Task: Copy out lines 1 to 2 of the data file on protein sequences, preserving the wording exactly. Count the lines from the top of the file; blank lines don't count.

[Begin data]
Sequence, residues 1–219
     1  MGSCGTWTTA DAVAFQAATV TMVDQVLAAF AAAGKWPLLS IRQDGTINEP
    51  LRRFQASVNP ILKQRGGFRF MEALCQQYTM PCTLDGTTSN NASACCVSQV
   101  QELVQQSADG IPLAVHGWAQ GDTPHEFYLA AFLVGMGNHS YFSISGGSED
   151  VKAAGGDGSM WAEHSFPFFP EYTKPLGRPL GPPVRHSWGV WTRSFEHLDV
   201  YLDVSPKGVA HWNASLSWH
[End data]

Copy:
Sequence, residues 1–219
     1  MGSCGTWTTA DAVAFQAATV TMVDQVLAAF AAAGKWPLLS IRQDGTINEP